This article originally appeared in the Friday Aug. 16, 2019 issue of the Progress Times.
With one in 59 people living on the autism spectrum, law enforcement officials and first responders need to find ways to communicate with this growing population.
That’s according to Dennis Debbaudt, an investigator and autism advocate who last week led four trainings dedicated for autism risk and safety management at the Alton Regional Training Center.
“My goal here is for the audience to get a sense of why they need to know this and apply this simple, basic knowledge they can use,” Debbaudt said. “We’re training them to have short duration contact with someone who has a high-risk behavior through no fault of their own.”
Autism is a developmental disorder that impairs the ability to communicate and interact with others according to the Pharr-based non-profit Bebo’s Angels, which hosted these trainings last Thursday and Friday.
Bebo’s Angels has a working relationship with the Alton Police Department where they regularly host these trainings. Last February, they partnered up with Alton to distribute bumper stickers to help identify those with autism if they’re pulled over by Alton police.
According to Bebo’s Angels Director Daniel Gonzalez, Alton is one of the few cities across the Rio Grande Valley they are partnered up with for these trainings.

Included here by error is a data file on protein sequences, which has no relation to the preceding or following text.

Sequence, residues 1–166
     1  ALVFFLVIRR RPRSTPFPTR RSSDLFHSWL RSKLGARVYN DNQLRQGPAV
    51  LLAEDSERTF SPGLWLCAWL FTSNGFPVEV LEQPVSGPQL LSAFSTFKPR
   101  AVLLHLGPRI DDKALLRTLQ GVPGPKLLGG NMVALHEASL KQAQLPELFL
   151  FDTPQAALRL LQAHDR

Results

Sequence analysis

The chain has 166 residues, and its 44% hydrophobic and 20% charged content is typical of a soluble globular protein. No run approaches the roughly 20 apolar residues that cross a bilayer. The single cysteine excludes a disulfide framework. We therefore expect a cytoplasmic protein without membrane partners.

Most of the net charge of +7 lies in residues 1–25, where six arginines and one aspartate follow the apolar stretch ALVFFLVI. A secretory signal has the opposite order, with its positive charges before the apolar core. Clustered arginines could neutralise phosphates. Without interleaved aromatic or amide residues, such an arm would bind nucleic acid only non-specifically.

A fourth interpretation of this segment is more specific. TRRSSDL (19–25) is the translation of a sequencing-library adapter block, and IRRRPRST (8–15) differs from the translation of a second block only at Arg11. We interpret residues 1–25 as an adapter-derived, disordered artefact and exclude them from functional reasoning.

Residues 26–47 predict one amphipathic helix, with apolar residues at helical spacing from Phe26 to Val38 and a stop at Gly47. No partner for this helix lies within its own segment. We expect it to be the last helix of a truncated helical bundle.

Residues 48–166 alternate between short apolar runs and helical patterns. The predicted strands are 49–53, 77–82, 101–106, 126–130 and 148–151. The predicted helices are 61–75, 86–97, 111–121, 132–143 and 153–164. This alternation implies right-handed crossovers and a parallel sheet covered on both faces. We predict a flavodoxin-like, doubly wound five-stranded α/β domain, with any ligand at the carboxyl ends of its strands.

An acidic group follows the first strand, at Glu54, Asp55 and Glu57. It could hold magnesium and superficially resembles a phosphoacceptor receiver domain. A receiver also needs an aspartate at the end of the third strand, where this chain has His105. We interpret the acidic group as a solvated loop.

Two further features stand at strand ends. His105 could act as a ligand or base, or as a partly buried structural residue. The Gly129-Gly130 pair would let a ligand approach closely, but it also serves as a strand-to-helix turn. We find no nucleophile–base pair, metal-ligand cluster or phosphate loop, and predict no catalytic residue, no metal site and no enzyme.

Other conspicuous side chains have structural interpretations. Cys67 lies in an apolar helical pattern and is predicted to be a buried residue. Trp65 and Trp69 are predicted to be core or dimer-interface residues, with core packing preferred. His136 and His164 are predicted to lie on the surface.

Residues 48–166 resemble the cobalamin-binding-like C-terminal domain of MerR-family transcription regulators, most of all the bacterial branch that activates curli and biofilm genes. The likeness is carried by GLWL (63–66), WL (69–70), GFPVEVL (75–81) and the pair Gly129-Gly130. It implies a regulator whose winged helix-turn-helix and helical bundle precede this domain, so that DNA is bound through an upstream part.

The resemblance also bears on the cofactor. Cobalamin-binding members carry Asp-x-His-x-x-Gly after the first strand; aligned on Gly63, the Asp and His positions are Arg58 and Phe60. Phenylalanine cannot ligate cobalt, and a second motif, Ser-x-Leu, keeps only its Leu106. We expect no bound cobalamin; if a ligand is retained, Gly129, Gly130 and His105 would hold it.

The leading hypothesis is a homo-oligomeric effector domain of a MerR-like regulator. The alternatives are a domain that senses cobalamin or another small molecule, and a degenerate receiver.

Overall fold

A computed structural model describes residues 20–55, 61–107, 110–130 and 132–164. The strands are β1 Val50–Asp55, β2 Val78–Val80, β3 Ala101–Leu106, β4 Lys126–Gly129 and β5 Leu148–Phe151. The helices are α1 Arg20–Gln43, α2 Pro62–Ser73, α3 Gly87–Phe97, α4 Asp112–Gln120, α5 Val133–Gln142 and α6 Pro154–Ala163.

Local law enforcement officials along with officers from Cameron County attended these trainings. At the trainings, law enforcement officers learned how to identify those with autism and deescalate any situation where they respond to a call involving someone with autism.
Alton police Sgt. Ruben Jaramillo, who attended the trainings, said the trainings are beneficial to the community.
“We don’t want a misunderstanding with an individual who is autistic and may get mistaken with someone under the influence which happens a lot,” Jaramillo said. “We weren’t educated or provided with these trainings in the past. Now that they’re teaching us these identifiers, we approach the situation differently rather than a tactical aggression and we talk to them with patience.”
Misunderstandings between those on the autism spectrum and law enforcement officials have an unfortunate history, Debbaudt explained.
Over a decade ago, researcher Riaz Hassan released a widely used profile to identify suicide bombers which identified them as people appearing to talk to no one in particular, unusual body language, constantly pacing back and forth and displaying other forms of erratic behavior.
“These are part of the behavior of someone known to be a suicide bomber. That is also the profile of behaviors for autism,” Debbaudt said. “Some of their behaviors are mistaken for being threatening. It’s become a hot topic because of a population that a generation ago was not a cause for concern.”
During the 1970s, only one in 10,000 people were living with autism, Debbaudt said. He became an autism advocate after his son was diagnosed with autism and saw a lack of research concerning the disorder due to the low population at the time.
“People with autism are a wonderful group of people who are capable of so much more than being a high-risk contact with the police,” Debbaudt said. “The population itself has difficulty with the signals they send or how they communicate which cause these issues. They’re more like us than not.”